Family Law Information in Ontario: New Government Website

One of the most stressful aspects of separation and divorce is the uncertainty.You don't know how much money you will have, how much time you will have with your children and when the pain will go away. When I went through my own divorce, I hated the uncertainty and I am a divorce lawyer! 

The government of Ontario has launched a new website for the public that helps to address some aspects of the uncertainty. It is called www.YourOntarioLaw.com. It provides general legal information. One page that I especially like shows the inside of a courtroom

The problem with the website is that it is so focussed on the Court process. It has only one line about Collaborative Practice which is a way of resolving disputes without going to court. I guess this makes sense since the government is in the business of providing the Court system. It also has very little information about family law. 

Other excellent websites that provide information about the Collaborative Process are as follows: 

www.CollaborativePracticeSimcoeCounty.com This website provides information including professionals in Simcoe County who practice Collaboratively. It is a great resource. 

www.DivorceHappens.ca  This website provides more information about Collaborative  Practice, comparing the cost to the court process. It includes some great videos, and lists professionals I have helped train in the Collaborative Process throughout Ontario. 

www. OCLF.ca This website is our provincial umbrella organization. It has general information about Collaborative Practice. 

More Information...

Our firm website offers both information about the various process choices and lots of information about the law. We regularly receive positive feedback about what a great resource it is for the general public.  www.GalbraithFamilyLaw.com 

Of course, the best way to learn about your rights and obligations is to have a consultation. Our firm of experienced lawyers only practice family law. We offer one hour no-obligation consultations at a substantially reduced rate. You can ask all your questions and get answers particular to your case. Clients feel relieved of the uncertainty after a consultation.

Call 705 727-4242 or email JMcTighe@GalbraithFamilyLaw.com to book a consultation today.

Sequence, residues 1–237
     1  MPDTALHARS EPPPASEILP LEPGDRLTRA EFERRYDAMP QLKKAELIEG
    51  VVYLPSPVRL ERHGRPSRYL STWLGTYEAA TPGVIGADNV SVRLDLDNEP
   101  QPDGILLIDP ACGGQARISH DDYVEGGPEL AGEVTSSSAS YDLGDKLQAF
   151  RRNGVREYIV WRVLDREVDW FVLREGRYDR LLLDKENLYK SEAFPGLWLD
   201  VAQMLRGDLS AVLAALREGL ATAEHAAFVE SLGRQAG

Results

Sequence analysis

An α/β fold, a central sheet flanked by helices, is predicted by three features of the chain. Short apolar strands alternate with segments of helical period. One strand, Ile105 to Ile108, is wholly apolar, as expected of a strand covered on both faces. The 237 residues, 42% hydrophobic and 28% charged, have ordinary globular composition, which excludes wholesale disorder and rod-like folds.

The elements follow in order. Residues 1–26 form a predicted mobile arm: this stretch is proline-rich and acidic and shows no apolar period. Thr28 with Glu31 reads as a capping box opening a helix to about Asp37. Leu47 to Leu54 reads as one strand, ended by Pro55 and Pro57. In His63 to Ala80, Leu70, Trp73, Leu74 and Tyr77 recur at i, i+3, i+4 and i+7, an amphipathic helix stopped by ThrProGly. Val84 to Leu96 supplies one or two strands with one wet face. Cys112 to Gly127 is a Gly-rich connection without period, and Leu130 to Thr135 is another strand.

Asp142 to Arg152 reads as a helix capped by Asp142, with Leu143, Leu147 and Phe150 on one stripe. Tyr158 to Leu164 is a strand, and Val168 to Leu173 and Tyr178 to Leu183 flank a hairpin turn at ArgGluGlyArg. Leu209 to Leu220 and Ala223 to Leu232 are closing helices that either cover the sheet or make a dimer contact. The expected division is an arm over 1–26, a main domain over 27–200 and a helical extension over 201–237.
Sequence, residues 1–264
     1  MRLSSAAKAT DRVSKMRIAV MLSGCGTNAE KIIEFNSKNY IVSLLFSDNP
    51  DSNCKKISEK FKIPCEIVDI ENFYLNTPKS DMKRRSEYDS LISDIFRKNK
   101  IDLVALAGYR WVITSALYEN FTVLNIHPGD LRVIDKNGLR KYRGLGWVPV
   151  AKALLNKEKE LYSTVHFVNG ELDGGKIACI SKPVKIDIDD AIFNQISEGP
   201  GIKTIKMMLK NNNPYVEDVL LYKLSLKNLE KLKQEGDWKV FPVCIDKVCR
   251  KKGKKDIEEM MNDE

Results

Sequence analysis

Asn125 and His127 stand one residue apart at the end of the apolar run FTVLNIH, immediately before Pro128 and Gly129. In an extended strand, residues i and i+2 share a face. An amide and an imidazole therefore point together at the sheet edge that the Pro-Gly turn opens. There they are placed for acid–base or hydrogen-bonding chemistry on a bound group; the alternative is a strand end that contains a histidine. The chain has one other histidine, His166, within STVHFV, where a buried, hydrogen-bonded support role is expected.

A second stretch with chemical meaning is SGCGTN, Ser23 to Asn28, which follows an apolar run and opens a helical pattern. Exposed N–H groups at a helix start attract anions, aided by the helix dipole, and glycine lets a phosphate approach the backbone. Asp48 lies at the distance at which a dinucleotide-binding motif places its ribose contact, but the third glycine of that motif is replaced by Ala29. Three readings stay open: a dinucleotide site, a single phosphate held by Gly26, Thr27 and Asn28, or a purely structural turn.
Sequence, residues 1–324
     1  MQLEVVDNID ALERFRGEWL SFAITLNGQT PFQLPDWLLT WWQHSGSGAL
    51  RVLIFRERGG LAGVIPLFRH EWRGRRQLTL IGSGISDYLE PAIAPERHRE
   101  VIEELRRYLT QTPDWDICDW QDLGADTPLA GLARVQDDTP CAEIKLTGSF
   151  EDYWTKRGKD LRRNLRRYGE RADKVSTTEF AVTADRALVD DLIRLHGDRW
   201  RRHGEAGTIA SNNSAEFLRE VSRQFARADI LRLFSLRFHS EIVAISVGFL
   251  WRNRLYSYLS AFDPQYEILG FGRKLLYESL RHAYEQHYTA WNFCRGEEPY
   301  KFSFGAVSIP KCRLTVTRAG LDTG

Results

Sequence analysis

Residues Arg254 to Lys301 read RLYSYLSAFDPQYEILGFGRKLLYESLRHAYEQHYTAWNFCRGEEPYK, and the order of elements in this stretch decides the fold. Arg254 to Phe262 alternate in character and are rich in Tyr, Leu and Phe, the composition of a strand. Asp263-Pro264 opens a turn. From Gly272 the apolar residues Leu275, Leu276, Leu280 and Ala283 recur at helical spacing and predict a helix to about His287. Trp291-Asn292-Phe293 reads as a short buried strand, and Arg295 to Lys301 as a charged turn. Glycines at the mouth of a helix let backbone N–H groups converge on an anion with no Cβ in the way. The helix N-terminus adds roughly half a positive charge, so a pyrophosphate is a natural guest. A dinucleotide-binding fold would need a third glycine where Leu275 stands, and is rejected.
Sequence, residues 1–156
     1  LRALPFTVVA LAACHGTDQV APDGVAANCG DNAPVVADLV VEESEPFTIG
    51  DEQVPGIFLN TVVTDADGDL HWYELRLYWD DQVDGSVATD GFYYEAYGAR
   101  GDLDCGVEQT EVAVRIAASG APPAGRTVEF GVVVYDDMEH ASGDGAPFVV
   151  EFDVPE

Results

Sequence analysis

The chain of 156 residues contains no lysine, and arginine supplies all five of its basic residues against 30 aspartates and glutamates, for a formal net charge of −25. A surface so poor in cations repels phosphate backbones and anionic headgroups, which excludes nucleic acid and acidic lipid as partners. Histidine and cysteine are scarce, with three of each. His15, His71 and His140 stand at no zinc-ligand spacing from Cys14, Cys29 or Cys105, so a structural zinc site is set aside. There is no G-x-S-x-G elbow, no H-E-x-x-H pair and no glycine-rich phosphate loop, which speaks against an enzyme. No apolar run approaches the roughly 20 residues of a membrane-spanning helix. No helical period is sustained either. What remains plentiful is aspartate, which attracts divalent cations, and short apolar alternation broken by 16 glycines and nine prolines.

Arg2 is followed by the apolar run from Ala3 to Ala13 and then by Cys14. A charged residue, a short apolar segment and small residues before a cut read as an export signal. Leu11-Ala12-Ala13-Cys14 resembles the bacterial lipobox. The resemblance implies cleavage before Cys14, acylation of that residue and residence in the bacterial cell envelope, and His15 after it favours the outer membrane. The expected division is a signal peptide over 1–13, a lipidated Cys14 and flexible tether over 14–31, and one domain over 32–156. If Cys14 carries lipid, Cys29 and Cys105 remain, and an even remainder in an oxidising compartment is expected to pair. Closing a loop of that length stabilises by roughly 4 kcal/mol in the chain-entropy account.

Fairness in Your Divorce: Court Compared to Collaborative

The other day the judge in Family Court said "We can't consider "fairness" when deciding cases." I was shocked but then I realized that she is right. Family Court is about rules and process. Like cases are to be treated alike according to the law. The law is a set of principles that the judge uses to prescribe the rights and responsibilities of the parties. Judges have a lot of discretion when applying the law to the facts so we speak in terms of the likely "range of outcome". Fairness in family court means applying the rules and principles impartially to each party. The resolution is not necessarily seen as "fair" to both parties. In fact, neither party may feel it is "fair".

One of my clients, referring to Family Court, said "It's not a justice system, it's 'just a system'." How true. Family court is a system intended to resolve disputes. That's all.

This is not in any way to impugn our Family Court judges. We have brilliant judges who care about the parties before them. It's just that the court system is an adversarial system. It isn't intended to meet the core concerns of each party.

Of course, in a sense it is "fair" to impartially apply the same rules and principles to all parties to resolve their disputes. That's what courts do.  

What most people want is a resolution that takes into consideration their core concerns: their underlying needs, desires, concerns and fears. Courts are not allowed to take into consideration the core concerns or interests of the parties. Courts take into consideration only those facts that are logically related to the applicable principles of the law. Judges' discretion is limited by the law.

Collaborative Practice is a process that involves interest-based negotiations. The professionals help the parties discover their core concerns. We then help the parties brainstorm solutions that take into consideration both party's core concerns. It's hard work but in the end the parties have a "win-win" resolution: a resolution they both feel is "fair". At Galbraith Family Law, all of our lawyers are trained to help clients using Collaborative Practice. We also go to Family Court but if we can help you reach a win-win resolution using Collaborative Practice, we do it.